Bell County Star Caden Miracle Carries Torch of Eastern KY

The KHSAA's fastest runner, in a parallel universe, instead might have been one of the speediest hoopers in basketball-crazed Kentucky.

Caden Miracle's time of 15:07.70 in the Trinity/Valkyrie Invitational stands as the fastest by any runner eligible for the high school-governing body's state championships - and the second fastest time by any Kentucky runner, period - this season. He's won five straight races after kicking off his senior campaign with a seventh-place finish in the Central Kentucky Run for the Gold, and next month should be well-positioned to capture his third region title in four years before attempting to defend his Class 2A state title.

Miracle took the prestigious Trinity/Valkyrie Invitational title in 2022

And to think, Miracle used to run only to stay in shape for the hardwood.

"I gave that up freshman year," Miracle said with a laugh. "I feel like you don't necessarily have to (give it up), but basketball with the amount of injuries and risks it can cause, I felt like mainly focusing on cross country and track would be a better option because it takes up quite a bit of your time."

Jason Stewart, Miracle's coach at Bell County High School, ran cross country back in the day with Caden's mother. Stewart's coached Miracle since he was a fourth-grader, and had to persuade him to stick with running going into his seventh-grade track-and-field season.

"He had a great seventh grade cross country season and I had a feeling he would be great at the 3200 meter run," Stewart said. "So, I basically forced him to come to track practice and he was hooked after the first practice. That season he won the middle school state championship in the 3200 meter run. It was so hot during that race but we had a race plan and Caden was committed to it and I remember watching him make a big move on lap five and then go on to win the race.

"That was the moment."

A couple weeks after winning his second straight middle school cross country state title in 2018, Miracle finished eighth in the Class 2A KHSAA state meet (he was one of only two middle schoolers who finished in the top 40). Going into this weekend, he's won 26 of the 37 races in which he's competed as a high school student.

And he's done it all from the comfort of Bell County, where he's lived his entire life. Like most states, Kentucky's best athletes tend to originate from its largest cities and population centers, and that's especially true in cross country: a vast majority of the state's fastest times this season have been posted by runners who live near Lexington or Louisville, or reside in the state's abundant suburbs that feed Cincinnati, Ohio.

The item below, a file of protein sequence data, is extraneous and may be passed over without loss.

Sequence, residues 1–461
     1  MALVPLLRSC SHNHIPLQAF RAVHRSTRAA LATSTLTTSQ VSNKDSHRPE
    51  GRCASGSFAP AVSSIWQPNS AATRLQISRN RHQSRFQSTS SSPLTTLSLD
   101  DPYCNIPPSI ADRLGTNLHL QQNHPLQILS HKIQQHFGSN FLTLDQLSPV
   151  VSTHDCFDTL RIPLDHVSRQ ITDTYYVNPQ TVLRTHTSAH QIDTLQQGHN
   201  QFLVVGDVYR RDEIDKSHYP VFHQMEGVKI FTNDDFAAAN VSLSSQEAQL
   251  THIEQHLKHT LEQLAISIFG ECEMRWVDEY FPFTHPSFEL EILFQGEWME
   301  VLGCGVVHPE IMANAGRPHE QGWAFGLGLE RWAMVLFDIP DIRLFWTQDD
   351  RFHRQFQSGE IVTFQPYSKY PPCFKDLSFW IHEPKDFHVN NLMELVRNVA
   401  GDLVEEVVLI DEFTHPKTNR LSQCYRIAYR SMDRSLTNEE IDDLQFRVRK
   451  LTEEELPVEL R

Miracle's speed and success would be significant anywhere, but he bears special weight in eastern Kentucky. It's a region of the country that unfairly finds itself at the center of natural disasters and negative headlines all too often. Last fall, he became the first boy from an eastern Kentucky school to win a KHSAA state cross country championship since 2001.

"It gives me a sense of pride being able to show people that even down here in southeastern Kentucky, where it's all mountains, you can go up to places like Louisville and actually give them some competition."

Miracle's done more than brought competition; he's most often beaten the competition. Only a single time - 15:03.39 by home-schooled Cooper Wasson - has been faster than Miracle's best this season. A couple of Class 2A rivals, Thomas Nelson's Riku Sugie and North Oldham's Adam Patel, outpaced him in the Run for the Gold, but he bested both (and Wasson) in the Trinity/Valkyrie Invitational.

There are several competitions in front of Miracle this season - he's next entered into this weekend's Black Bear Invitational/Area 9 Championships - and well into the future. He's hoping to stay close to home as a collegiate runner, likely at Eastern Kentucky University or the University of Kentucky.

Wherever Miracle lands, he'll be running for his home as much for himself.

"He's giving our community and school a champion to rally behind," says Stewart. "I think he represents eastern Kentucky very well. He's a hard worker, smart, dedicated and has been an absolute pleasure to coach all of these years."